At the China-Africa summit in Johannesburg, Chinese President Xi Jinping proposed that: the new type of China-Africa strategic partnership be upgraded to a comprehensive strategic and cooperative partnership.
Xi’s proposal deserves serious and sustained attention by African academics, analysts and governments across all the five broad areas that frame the partnership. These are:
- political equality and mutual trust;
- promoting win-win economic co-operation;
- cultural exchanges;
- mutual assistance in security; and
- solidarity and co-ordination in international affairs.
While the five were approved during previous meetings, Xi linked them to his ten implementation plans. This was backed by US$60 billion in new loans and other assistance for the continent. This is three times larger than the last one in 2012.
African leaders greeted Xi’s address with unqualified praise. Whether Comrade Xi was “God-sent” as Robert Mugabe divined, he appears to have made Africa one of the top priorities of his foreign policy. And unlike his Zimbabwean counterpart, Xi faces the urgency of strict presidential term limits imposed by his party.
Fortunately, Xi is leading a process now 15 years old. Veteran African diplomats recall that in the early rounds, they were only invited to listen. This year marked a real change. There was extensive prior consultation and consensus-building in producing Xi’s ten implementation plans.
But for the plans to succeed, Africa will have to cooperate more extensively. China is also signaling that it expects the larger and more successful countries to assume the role of sub-regional leaders. These include South Africa, Nigeria, Kenya and Ethiopia.
China has singled out the special relationship with these countries by offering them generous assistance.
Its relationship with South Africa is a good example of its willingness to identify key partners. Deciding to hold the summit in South Africa, with President Jacob Zuma as co-chair with Xi, was a highly visible affirmation of this strategy.
In addition, China and South Africa announced 26 agreements with Beijing contributing an estimated US$6.5 billion—more than 10% of its 2015-to-2018 pan-African commitment.
But even within these special partnerships the more economically advanced African countries’ concerns persist, even if they weren’t openly voiced at the summit. A big one is the fact that although Chinese imports may benefit their citizens, they have destroyed indigenous light industry vital for development.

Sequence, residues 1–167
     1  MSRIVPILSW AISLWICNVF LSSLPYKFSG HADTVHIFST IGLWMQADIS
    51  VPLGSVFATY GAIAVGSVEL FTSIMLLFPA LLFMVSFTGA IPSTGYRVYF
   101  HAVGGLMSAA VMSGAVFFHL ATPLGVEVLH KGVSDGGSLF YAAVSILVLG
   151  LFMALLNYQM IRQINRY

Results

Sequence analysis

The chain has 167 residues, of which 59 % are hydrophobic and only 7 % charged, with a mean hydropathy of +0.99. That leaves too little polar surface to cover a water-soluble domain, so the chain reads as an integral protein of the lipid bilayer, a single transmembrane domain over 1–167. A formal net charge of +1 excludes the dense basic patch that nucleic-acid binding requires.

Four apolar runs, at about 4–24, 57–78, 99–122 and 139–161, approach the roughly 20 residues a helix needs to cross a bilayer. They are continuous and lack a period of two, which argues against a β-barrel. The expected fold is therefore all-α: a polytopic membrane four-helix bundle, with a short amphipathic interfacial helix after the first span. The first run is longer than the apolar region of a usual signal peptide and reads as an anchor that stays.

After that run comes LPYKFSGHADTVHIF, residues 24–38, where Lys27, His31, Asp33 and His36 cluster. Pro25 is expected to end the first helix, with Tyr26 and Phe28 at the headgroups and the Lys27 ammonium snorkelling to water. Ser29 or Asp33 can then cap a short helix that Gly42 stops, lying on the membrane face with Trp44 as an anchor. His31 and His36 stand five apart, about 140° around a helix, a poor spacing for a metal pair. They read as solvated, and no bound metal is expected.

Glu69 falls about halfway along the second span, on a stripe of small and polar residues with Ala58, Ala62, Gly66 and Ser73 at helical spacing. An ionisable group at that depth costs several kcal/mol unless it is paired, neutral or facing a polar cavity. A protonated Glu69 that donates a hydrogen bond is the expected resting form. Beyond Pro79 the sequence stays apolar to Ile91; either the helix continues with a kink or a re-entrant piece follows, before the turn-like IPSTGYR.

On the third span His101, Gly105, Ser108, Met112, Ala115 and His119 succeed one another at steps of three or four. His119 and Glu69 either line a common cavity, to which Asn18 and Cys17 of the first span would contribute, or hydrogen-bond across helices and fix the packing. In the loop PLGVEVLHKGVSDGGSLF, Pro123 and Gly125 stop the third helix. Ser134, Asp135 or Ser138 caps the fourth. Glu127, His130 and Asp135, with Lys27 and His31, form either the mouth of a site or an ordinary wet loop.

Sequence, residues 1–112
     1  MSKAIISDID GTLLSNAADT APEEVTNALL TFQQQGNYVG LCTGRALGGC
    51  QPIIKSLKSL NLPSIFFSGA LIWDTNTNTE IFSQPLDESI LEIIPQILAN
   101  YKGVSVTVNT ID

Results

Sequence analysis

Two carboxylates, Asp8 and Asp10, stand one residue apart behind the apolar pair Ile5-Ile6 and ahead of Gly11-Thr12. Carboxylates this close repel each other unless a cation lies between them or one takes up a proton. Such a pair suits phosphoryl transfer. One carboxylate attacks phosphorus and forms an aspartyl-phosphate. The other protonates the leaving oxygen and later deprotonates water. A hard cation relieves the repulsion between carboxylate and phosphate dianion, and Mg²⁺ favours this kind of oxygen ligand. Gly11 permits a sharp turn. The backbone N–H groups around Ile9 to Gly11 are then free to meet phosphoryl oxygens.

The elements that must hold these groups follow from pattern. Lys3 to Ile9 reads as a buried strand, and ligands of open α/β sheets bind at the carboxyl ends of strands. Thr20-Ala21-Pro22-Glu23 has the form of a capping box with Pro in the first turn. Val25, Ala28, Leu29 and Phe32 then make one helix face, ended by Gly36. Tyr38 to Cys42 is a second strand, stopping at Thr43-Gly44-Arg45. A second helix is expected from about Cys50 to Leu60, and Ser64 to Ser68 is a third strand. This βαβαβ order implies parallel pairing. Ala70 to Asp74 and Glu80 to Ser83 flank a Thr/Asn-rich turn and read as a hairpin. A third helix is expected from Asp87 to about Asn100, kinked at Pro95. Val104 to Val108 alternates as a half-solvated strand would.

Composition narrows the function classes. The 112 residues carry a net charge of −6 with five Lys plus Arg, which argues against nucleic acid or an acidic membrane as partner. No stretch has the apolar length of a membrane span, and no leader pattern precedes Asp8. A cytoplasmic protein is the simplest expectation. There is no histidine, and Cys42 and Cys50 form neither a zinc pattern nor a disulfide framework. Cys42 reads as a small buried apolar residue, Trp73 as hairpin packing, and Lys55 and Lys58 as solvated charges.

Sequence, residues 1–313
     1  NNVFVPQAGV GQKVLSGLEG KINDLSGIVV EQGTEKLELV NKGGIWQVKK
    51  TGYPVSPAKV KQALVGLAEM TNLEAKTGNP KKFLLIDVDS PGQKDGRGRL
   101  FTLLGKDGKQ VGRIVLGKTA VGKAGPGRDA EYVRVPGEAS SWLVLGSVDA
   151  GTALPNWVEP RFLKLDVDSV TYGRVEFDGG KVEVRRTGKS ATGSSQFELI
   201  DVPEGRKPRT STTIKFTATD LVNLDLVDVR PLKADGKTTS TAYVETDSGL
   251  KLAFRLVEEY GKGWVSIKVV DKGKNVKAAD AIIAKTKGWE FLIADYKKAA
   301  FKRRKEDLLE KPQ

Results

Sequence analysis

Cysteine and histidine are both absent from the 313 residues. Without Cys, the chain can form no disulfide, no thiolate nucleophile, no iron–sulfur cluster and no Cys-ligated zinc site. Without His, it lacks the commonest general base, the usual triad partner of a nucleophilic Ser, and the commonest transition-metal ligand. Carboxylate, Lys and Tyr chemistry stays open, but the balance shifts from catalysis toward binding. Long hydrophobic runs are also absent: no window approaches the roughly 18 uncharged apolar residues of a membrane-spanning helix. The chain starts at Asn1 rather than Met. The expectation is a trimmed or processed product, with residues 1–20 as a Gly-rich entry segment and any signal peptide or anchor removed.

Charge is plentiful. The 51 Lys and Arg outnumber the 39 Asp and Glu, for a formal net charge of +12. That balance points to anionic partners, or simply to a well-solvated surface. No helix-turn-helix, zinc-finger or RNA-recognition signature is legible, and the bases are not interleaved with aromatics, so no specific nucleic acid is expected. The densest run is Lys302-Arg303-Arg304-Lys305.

China and Africa’s relationship is not yet one of “win-win economic cooperation.” Details are not yet clear about how the ten-point plans are going to implemented in a way that benefits both sides. The plans cover:
- agricultural modernisation
- financial arrangements
- “green development”
- trade and investment facilitation;
- poverty reduction
- public health improvements
- culture and people relationships; and
- peace and security
Africa overall still accounts for a mere 3% of China’s global investments and just 5% of its global trade.
And it’s worth noting that China’s biggest economic advances last week were not in Johannesburg but Washington, where the International Monetary Fund finally approved the renminbi as a world currency. This means it now joins the dollar, the euro, the pound and yen.
China has historically been reluctant to engage on the security issue. But it is beginning to become much more active. Zuma specifically mentioned this with fulsome praise in his speech:
In addition to participating in up to 16 UN Peacekeeping Missions in Africa, China currently has approximately 200 peacekeeping personnel on the ground. We appreciate this commitment … it gives practical meaning to the belief of President Xi that China’s military capability must be utilised in every part of the continent.
And as the ethnic conflict in Burundi risks becoming a catastrophe, few outsiders are as familiar with the issues than Zuma, a former African Union mediator. He should urgently explore a possible China-Africa peacemaking initiative, with the likely full backing of the African Union and UN Security Council.
To strengthen the trust and resilience of China-Africa partnerships, bilateral as well as sub-regional, there should be an open debate between all the parties involved.
Policy debates should not be restricted to official channels, but should include all citizens informed by scholarly research. A new generation of African journalists being trained in the Wits University China-Africa Reporting Project are an important part of this equation.
Quiet diplomacy remains important in bilateral partnerships. For example, the quiet agreement between Xi and Zuma to prevent Sudanese President Omar al-Bashir from attending the summit, despite their otherwise cordial relations with him, shows they can jointly manage sensitive issues with third parties.
Finally, at the heart of the relationship between China and Africa are core differences about the role of the state in the economy. This would be between proponents of authoritarian capitalism or democratic capitalism.
Although Xi and Zuma were not explicit on this point, both invoked the memory of Nelson Mandela in telling ways. Xi quoted a line from Mandela referring vaguely to the “the dawn of an African century” while Zuma opened his address praising his predecessor’s belief in: democracy, equality, justice and human rights.